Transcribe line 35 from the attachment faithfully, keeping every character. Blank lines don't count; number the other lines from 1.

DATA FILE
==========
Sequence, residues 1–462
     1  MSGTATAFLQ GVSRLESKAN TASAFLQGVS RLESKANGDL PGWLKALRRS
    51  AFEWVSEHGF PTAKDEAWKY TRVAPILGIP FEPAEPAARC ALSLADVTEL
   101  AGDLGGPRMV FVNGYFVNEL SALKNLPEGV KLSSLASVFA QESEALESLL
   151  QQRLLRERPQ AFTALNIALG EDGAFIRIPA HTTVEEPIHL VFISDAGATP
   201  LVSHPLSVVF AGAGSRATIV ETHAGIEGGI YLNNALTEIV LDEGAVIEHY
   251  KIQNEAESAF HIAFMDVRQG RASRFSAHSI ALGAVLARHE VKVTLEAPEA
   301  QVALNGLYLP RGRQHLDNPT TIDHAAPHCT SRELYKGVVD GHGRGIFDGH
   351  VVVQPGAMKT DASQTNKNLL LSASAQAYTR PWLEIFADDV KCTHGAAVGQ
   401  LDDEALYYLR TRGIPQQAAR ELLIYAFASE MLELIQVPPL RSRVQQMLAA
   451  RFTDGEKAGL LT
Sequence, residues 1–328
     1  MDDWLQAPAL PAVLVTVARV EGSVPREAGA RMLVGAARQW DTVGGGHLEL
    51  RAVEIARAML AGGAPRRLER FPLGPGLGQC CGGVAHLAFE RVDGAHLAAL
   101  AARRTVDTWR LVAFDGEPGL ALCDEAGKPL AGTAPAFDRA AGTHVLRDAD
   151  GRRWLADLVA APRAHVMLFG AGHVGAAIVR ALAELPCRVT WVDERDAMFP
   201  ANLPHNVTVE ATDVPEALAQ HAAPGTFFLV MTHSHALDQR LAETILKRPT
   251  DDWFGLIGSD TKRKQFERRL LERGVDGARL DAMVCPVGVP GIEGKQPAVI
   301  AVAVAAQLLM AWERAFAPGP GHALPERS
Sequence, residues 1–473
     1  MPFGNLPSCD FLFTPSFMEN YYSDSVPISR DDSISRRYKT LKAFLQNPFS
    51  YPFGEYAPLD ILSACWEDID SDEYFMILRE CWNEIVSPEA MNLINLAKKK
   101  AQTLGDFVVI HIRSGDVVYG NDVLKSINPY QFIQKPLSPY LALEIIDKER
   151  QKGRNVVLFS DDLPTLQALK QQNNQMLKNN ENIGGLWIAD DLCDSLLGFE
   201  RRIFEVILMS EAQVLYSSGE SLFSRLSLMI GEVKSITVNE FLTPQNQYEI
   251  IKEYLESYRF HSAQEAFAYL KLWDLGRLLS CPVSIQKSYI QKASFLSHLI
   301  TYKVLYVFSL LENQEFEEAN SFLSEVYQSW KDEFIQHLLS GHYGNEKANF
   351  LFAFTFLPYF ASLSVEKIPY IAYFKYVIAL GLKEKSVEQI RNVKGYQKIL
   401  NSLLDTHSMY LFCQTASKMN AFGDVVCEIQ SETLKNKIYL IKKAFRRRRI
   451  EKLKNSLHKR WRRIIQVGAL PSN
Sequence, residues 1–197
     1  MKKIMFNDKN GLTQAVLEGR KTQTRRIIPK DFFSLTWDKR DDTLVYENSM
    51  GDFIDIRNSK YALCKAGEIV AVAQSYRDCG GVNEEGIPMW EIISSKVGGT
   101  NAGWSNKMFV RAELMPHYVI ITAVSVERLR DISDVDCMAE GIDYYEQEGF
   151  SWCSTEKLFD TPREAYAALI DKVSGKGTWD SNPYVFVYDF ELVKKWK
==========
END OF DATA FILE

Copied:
   151  SWCSTEKLFD TPREAYAALI DKVSGKGTWD SNPYVFVYDF ELVKKWK